Reducing Rates: New Smyrna Beach Efforts Saving Citizens Money

NEW SMYRNA BEACH, FL - Khalid Resheidat is a civil engineer for the City of New Smyrna Beach. His responsibilities include oversight of the city’s floodplain management issues, including a list of repetitive loss properties, or properties that had been repeatedly damaged from flooding. As Resheidat learned, due to its proximity to the Atlantic Ocean, New Smyrna Beach had a history of high water events.

In 1992, Resheidat became aware of the National Flood Insurance Program's (NFIP) Community Rating System (CRS). The CRS is a voluntary program that allows participating communities to benefit financially from enacting policies or performing activities to reduce or eliminate flood risks. The NFIP provides a list of activities that qualify for the CRS, each of which earns a number of points. For every 500 points a community is awarded, its CRS rating improves by one level, and for every level improved, that community earns a 5 percent reduction in flood insurance premium costs for their citizens. There are 10 levels in the CRS (with level 10 communities considered non-participating), so a community that earns the maximum number of points (4,500) can potentially lower its residents' flood insurance costs by up to 45 percent.

"When I learned about the CRS program, it really caught my attention," said Resheidat. "We were already doing several of the activities that a community can get points for, such as utilizing elevation certificates, having information about local flood zones in the public library, or requiring open space. We had our first 500 points before we even joined."

Resheidat applied and got New Smyrna Beach into the program. The city was, in fact, one of the first communities in Volusia County to join the program. Immediately upon joining the CRS program, residents began realizing a small drop in their flood insurance premiums.

"On an individual basis, the savings might not look like much, "said Resheidat. "If you're only saving $15 on every insurance bill, you're not really going to notice it. But when you add all those savings up, even at the lower CRS levels, the entire community is saving $150,000 or more every year."

One of the categories that the CRS provides points for is removal of repetitive loss properties from the floodplain. There are a number of methods that can be used to perform this type of mitigation: increasing the elevation of a threatened structure; relocation of a structure to a safer area; or acquisition and demolition of a structure. Once a structure has been removed from the floodplain as part of a mitigation plan, under the NFIP guidelines the land can never again be utilized for development. As much as possible the property must be returned to its natural state and, from that point on, can only be used as open space or as water retention/flood control area.

Resheidat began by addressing some of the repetitive loss issues facing the city through acquisition. One of the hardest-hit properties on the repetitive loss list had flooded numerous times since its construction. Built in the 1970s, before regulation of building in the floodplain was enforced, the structure sat two feet below the Base Flood Elevation (BFE) for the area. In other words, it was two feet lower than the expected 1 percent annual flood levels (also known as the 100 Year Flood).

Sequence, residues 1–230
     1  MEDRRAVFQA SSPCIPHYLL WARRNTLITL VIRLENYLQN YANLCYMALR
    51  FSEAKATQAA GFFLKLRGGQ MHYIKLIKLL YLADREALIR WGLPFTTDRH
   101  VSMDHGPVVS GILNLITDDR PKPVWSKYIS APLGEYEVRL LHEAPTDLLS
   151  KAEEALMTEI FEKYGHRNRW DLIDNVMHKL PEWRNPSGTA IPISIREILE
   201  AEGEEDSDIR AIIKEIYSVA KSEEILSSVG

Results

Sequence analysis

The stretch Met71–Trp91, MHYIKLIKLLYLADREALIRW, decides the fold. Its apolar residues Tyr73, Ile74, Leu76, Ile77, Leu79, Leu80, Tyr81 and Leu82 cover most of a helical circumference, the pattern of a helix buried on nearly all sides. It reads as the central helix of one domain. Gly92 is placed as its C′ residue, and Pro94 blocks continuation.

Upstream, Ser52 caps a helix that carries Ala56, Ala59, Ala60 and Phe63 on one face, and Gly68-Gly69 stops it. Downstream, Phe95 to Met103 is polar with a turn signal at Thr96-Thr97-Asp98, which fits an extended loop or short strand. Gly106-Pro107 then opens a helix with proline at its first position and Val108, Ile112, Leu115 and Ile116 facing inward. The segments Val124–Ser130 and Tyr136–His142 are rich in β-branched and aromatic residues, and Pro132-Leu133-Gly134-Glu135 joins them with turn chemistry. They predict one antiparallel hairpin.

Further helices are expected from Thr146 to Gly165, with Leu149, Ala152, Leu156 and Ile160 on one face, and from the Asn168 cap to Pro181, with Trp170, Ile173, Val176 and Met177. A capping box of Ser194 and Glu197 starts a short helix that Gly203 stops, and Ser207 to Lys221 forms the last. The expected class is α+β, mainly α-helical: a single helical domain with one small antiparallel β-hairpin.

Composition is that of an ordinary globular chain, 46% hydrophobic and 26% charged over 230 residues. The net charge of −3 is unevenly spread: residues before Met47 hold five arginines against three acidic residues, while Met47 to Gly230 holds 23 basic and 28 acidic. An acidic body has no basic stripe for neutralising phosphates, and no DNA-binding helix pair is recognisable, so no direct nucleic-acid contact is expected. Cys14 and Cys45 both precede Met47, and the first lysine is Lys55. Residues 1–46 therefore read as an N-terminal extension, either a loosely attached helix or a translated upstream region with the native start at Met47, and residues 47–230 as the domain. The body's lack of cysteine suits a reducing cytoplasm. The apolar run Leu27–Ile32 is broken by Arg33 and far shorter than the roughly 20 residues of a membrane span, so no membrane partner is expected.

They had flooded so many times they just accepted it," said Resheidat. "It happened so often they just put tile in the house and propped all their furniture up on concrete blocks."

The city considered elevating the structure, but due to its age and poor condition resulting from repeated flooding, the final decision was made to remove the structure completely from the floodplain. The owner was approached about selling their property to the city, and once they agreed, Resheidat pursued a grant through the Federal Emergency Management Agency's Hazard Mitigation Grant Program (HMGP).

The HMGP provides states, tribes, and local communities with grant monies to perform mitigation activities. Though provided through federal funding, the program is administered by the state. HMGP grants are given on a cost-share basis, with the federal portion amounting to 75 percent, leaving the remaining 25 percent the responsibility of the recipient, be that the state, local government, or individual homeowner. Grants are awarded for actions or activities that significantly reduce or eliminate future risk to lives and property from natural hazards.

New Smyrna Beach officials have also sought additional means of accruing CRS points. They have pursued further grant assistance to acquire and remove three other repetitive loss properties from the floodplain. In addition, they have undertaken a massive flood control project covering several of the flood-threatened neighborhoods within the community. Designed as a three-stage process, two of the stages were paid for with Federal grant assistance while the city paid for the third through local funding. The project involves property acquisitions, drainage improvements and the creation of water storage areas in a number of locations. Currently, New Smyrna Beach's efforts have improved its CRS rating to level seven, which nets the city's residents a 15 percent reduction in their flood insurance premiums.

"It's kind of like building a puzzle," said Resheidat. "We have all these separate pieces in different areas; houses we've acquired and demolished, empty lots we've purchased, and at first everybody's asking why we have them. Then the pieces start to come together. An empty lot becomes a retention area with a fountain. The drainage issues are being addressed, and the neighborhoods are improving. Suddenly, people's flood insurance rates are dropping. It's all fitting together and people finally begin to understand what we're doing."

Last updated July 7, 2021